“Lieding” Into the Weekend: Bryn, and “Songs of Travel”

This time last week, I shared a little something different: Karl Jenkins’ Ave Verum sung by two baritones, Simon Keenlyside and Bryn Terfel. (Link to the post of 25 March here, if desired.) I rather enjoyed that brief detour from the opera path, and thought I might make it a Friday tradition…thus, “‘lieding’ into the weekend!”

Strictly speaking, “lied” is defined a more narrowly than “song”, being rather specific to a trend in German Romantic music particularly of the 19th century. (Think: Schubert, Strauss, etc.) Oftentimes such lieder (plural form) will consist of the vocalist accompanied by piano.

I’ll be a good deal looser with my own Friday explorations, wanting to explore composers of various genres, or just attracted to what seems like it would be nice listening for a Sunday afternoon ~ but the tendency will be towards lieder as defined.

Today’s find is also somewhat influenced by yesterday’s post on Tosca, in that part of the production’s greatness is the greatness of Bryn Terfel.

Photo credit: from "The Romance of Tall Ships," by Jonathan Eastland
Photo credit: from “The Romance of Tall Ships,” by Jonathan Eastland

“Songs of Travel”

Though not strictly speaking in the “German lied” category, the influence is there. Here we have the great bass-baritone Bryn Terfel singing Ralph Vaughan Williams’ “Songs of Travel,” a Romantic-inspired cycle of nine songs written for a solo baritone voice, based on poetry by Robert Louis Stevenson.

Some of these songs were already familiar to me from a Vaughan Williams CD my mom and I used to listen to years ago in the workshop, but I don’t remember the soloist being so beautifully suited to it as Bryn is here. (Well, we already know there really isn’t another Bryn!) And some of the individual songs I don’t recall hearing previously at all, such as the lovely and too-brief “Let Beauty Awake” that begins at approximately 3:13 in this video:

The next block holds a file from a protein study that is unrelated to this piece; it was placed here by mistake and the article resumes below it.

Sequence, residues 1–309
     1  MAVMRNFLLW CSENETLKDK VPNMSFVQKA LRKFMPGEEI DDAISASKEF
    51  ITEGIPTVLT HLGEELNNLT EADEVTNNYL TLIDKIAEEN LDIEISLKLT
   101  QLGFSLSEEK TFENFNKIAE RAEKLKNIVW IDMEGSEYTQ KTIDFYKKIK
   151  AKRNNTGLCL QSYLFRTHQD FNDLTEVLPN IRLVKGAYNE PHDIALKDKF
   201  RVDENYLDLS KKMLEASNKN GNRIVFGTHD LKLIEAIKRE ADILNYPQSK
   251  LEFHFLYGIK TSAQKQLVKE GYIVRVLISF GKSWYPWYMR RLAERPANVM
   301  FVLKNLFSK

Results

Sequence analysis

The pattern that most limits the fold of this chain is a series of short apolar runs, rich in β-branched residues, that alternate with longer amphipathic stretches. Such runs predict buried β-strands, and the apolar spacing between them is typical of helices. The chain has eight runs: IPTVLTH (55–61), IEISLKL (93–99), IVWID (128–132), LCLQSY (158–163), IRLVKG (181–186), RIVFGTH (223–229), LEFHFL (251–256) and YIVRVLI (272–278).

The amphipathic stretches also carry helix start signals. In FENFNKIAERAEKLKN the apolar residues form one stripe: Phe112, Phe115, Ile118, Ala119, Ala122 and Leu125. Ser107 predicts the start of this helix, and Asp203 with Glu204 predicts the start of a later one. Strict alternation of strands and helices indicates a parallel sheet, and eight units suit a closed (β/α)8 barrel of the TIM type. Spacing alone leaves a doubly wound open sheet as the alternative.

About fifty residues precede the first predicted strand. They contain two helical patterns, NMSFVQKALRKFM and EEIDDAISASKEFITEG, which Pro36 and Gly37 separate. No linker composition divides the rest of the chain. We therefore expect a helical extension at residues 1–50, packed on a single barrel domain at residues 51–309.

A little background on our composer:

Ralph Vaughan Williams was born in the Cotswolds in 1872, educated at the Royal College of Music, and at Trinity College, Cambridge, served in the Great War, and died in 1958. There is a lovely little biography to be found at this link to the Ralph Vaughan Williams Society website.

“In the next world I shall not be doing music, with all its strivings and disappointments; I shall be being it.”  ~Ralph Vaughan Williams

Vaughan Williams’ works are, among other things, consummate Englishness put to music. What a gift to have the richness of this Welsh baritone interpreting Scottish poetry put to English music! A dynamic and moving trio. I hope you enjoy it!

Thanks for reading, and have a wonderful weekend! I’ll see you Monday.

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